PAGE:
There are a handful of guitarists that seem to be universally revered by fellow players, regardless of genre. Jimi Hendrix. Jimmy Page. Eric Clapton. Stevie Ray Vaughan. Tonight (Saturday, Jan. 21), the latter, whose fiery brand of Texas blues crossed over and captivated rock fans before his untimely death at age 35, will be the subject of a tribute performance by Dustin Douglas and the Electric Gentlemen, a band fronted by its namesake guitarist and vocalist.
The show, at the River Street Jazz Café (667 N. Main St., Plains, PA), gave Douglas the occasion to dig deep into Vaughan’s music, and he came away even more impressed than he was beforehand as a long-time fan.
“Not since I was probably just coming up, just learning, did I really sit and dive into Stevie as much as I just had to, so it was cool to revisit it,” he says. “It blows my mind. He never had any bridges…Then there’s just his playing. It wasn’t anything too technical, but it was so fierce and so honest, I think that’s why people gravitated to it.”
Vaughan led the trio Double Trouble and broke through with his 1983 debut record “Texas Flood” and his best-known song “Pride and Joy.” His rise and fall was meteoric — just four albums; acclaim among fans, critics and musicians, including David Bowie, who enlisted him for his “Let’s Dance” album; drug and alcohol struggles, including a cocaine bust; and his untimely death in a helicopter crash in 1990 at age 35.
Douglas says he’s partial to “Texas Flood” but adds that Vaughan’s fourth record, 1989’s “In Step,” “was pretty awesome.” “As it got later and later, it kind of got more ’80s and polished,” he adds. Asked to share what he thinks is SRV’s quintessential song, he says, “Of course, ‘Pride and Joy’ is his calling card. We’re so fucking sick of it because white blues bands have murdered it for decades,” he adds with a laugh. “But I think that really shows what he can do. Funky stuff like ‘Willie The Wimp’ really stands up, too. That’s the kind of stuff that catches my ear.”
Douglas — who is joined in the Electric Gentlemen by bassist Matt Gabriel and drummer Tommy Smallcomb — has had to tinker with his gear a bit leading into Saturday’s gig to get that SRV vibe just right.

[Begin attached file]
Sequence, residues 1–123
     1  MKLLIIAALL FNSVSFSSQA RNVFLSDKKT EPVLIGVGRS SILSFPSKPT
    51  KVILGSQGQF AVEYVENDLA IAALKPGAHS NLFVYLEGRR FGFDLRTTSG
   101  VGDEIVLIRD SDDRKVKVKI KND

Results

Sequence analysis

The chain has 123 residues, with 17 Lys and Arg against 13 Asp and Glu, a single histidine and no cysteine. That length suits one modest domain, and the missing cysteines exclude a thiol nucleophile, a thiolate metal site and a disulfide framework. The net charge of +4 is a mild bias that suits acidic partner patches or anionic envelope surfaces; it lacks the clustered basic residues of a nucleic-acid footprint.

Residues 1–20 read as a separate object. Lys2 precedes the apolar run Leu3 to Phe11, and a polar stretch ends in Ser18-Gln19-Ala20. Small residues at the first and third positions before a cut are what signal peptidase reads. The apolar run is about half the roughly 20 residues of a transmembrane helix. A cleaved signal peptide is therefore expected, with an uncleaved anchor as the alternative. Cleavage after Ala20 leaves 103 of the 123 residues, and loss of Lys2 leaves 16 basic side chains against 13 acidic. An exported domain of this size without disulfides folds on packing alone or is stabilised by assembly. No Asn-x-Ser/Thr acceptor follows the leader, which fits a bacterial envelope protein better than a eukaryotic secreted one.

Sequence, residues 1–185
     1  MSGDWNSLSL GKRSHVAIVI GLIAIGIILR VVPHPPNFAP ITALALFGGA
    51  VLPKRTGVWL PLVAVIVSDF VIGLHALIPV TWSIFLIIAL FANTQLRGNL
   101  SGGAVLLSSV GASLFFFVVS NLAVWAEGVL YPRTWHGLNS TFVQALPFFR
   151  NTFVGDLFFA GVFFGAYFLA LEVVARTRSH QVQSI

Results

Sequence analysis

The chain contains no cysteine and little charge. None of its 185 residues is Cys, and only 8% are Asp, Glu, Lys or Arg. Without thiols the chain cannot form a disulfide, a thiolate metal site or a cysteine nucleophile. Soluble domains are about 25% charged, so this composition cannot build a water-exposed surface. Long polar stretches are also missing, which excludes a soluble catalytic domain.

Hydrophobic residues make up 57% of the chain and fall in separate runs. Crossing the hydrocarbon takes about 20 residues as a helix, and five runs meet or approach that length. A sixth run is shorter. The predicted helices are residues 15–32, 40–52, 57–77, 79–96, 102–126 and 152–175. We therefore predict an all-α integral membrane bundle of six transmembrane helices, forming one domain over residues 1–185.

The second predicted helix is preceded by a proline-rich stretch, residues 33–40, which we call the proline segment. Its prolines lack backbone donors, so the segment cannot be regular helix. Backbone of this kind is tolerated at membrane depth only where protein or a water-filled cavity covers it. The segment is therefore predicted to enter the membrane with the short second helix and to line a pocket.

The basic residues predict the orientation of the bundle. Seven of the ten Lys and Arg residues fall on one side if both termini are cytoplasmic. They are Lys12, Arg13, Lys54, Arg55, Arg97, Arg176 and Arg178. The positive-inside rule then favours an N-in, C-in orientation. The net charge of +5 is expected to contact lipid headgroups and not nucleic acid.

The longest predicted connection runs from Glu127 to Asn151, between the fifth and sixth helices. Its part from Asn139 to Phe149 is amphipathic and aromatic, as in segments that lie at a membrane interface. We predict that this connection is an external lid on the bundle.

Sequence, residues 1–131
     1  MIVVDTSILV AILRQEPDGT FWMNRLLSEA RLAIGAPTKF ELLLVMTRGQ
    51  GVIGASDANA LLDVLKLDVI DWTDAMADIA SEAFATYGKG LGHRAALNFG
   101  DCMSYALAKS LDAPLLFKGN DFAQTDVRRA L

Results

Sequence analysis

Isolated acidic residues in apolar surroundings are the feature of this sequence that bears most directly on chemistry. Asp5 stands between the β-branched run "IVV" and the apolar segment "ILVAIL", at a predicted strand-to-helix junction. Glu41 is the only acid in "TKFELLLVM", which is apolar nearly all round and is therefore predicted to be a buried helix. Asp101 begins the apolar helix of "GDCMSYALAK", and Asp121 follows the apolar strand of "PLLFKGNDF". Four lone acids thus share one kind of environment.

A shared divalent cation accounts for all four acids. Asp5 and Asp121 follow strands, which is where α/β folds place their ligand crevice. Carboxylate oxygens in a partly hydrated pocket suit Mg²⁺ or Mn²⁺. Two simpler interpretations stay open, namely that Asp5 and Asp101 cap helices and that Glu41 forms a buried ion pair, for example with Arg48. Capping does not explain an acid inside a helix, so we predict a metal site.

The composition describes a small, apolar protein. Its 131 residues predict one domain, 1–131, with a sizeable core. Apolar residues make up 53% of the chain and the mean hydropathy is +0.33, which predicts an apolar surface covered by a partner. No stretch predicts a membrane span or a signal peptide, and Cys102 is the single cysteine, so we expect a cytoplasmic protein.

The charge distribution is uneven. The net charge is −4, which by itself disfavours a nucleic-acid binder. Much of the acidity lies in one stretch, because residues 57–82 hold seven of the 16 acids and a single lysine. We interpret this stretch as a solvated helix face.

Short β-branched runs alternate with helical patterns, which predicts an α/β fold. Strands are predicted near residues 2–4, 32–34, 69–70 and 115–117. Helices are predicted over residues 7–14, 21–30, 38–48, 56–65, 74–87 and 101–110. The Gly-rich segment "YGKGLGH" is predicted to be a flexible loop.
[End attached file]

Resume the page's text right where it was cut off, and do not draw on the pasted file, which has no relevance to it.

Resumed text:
“I’ve been playing my Gibson P90, so this will be the first gig where I’m going to be solely playing a Stratocaster for a while,” he says. “I had to go into storage. It’s what I started playing on, so now I love playing Strat; it’s kind of fucking with me in that way. Amp-wise, that’s kind of my tone anyway. I did have to get some stuff serviced. I got the ’68 Silverface Fender Twin (amp) back from the shop, and I redid my pedal board.”
SRV’s legacy lives on, and many guitarists have attempted (and some have even succeeded) to use his spirit and sound as a springboard. Asked who’s been carrying the torch best for the late master, Douglas offers an answer that might come as a surprise to some listeners.
“I’d have to say he hides it very well, but if you really listen to Gary Clark Jr., he definitely has that Texas style. They’re both awesome cats, and people don’t [make that comparison] right off the bat, and it’s probably because Gary is a young black man who’s very soulful. But when he solos, there’s the dryness. I definitely think Gary is carrying that torch. I think it’s just a Texas thing.”
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